Ask the NMFS to Protect Lolita


A decision made by the National Marine Fisheries

Service (NMFS) has opened the door to the eventual release of Lolita—a wild-caught orca who has been held in solitary confinement in a cramped tank at the Miami Seaquarium for decades—back to her ocean home. You may have seen footage of her heartbreaking capture in the documentary film Blackfish.

The decision comes two years after PETA, the Animal Legal Defense Fund, and four individuals sued the NMFS over Lolita’s exclusion from the Endangered Species Act (ESA). The ESA protects members of the wild Southern Resident orca population, who are considered endangered, from being harmed or harassed. Yet despite being a Southern Resident orca, Lolita has been denied these protections without any explanation or lawful justificationby the NMFS.

In 2012, a settlement was reached in which the NMFS agreed to reconsider Lolita’s exclusion from the ESA pursuant to the groups’ petition, and a status review got underway.

Now, the NMFS has agreed with PETA that listing Lolita as an endangered Southern Resident orca is warranted, and thus she’s legally entitled to the same protections as her wild family. The decision to issue a proposed rule listing Lolita as endangered opens the door for her eventual release from the Miami Seaquarium, and the NMFS has opened the public comment period for consideration of this proposed rule. Now we need your help to make sure that the agency does the right thing and helps give Lolita the protections that she deserves!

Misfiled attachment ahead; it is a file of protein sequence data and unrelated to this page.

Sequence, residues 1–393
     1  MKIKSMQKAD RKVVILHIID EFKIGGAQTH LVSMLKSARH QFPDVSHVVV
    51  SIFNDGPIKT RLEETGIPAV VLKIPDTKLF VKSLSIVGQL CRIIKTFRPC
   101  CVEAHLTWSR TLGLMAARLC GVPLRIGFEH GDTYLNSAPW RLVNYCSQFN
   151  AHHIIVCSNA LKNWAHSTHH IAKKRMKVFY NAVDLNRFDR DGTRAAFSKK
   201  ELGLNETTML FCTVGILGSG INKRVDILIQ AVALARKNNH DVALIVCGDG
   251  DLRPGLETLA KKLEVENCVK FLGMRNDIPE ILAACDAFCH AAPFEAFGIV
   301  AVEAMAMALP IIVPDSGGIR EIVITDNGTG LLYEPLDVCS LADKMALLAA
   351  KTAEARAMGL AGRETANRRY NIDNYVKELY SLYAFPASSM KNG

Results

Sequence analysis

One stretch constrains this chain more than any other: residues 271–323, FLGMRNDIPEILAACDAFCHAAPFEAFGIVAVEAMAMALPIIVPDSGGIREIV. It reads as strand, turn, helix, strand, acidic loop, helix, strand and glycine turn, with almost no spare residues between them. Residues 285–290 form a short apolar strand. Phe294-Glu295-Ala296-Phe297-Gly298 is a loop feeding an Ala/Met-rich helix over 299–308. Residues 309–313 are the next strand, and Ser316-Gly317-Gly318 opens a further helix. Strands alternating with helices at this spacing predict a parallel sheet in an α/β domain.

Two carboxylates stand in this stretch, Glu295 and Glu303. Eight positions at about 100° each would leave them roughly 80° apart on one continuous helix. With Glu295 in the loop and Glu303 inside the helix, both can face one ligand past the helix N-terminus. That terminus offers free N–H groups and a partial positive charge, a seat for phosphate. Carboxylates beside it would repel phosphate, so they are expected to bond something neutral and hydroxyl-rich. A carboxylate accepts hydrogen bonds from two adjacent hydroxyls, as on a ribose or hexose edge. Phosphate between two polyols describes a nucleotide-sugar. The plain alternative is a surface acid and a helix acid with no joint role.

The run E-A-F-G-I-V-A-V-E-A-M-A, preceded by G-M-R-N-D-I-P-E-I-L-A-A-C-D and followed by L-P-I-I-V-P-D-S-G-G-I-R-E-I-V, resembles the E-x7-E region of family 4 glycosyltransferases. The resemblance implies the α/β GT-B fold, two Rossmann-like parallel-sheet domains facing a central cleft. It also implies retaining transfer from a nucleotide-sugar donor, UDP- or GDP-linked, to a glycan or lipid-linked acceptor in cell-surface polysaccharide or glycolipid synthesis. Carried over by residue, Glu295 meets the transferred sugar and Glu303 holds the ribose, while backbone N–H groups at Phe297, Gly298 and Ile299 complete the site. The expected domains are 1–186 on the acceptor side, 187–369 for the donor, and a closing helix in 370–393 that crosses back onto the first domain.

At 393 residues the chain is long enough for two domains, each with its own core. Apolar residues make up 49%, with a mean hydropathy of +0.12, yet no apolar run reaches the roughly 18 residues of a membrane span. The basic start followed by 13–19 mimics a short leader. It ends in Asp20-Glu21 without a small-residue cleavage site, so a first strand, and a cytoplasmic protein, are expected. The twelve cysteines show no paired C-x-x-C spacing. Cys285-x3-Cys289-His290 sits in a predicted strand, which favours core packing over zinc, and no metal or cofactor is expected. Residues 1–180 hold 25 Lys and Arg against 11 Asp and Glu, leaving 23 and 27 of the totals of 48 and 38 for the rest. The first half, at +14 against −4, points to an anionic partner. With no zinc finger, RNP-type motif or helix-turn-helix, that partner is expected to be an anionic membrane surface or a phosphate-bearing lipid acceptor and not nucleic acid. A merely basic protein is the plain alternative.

Lolita was just a baby when she was torn away from her mother and family and imprisoned in a minuscule tank barely larger than her own body. For more than 40 years, she has had a poor quality of life. Swimming in endless circles, denied the companionship of other orcas, and forced to perform silly tricks, Lolita needs to spend her senior years in a coastal sanctuary in her home waters in Puget Sound, which would allow her greater freedom of movement and the opportunity to see, sense, and communicate with her mother, wild cousins, and other ocean animals and to feel the tides and waves—all the things that she has been denied for far too long.

The NMFS will be accepting public comments on this matter until March 28. Please express your support for Lolita by letting the government know that you support its decision to include Lolita in her family’s ESA listing, that the current conditions in which she is held—in a tiny barren tank with no companions of her own species and no protection from the sun—cause her to suffer, and that you want to see her transferred to a seaside sanctuary in her home waters under expert care.

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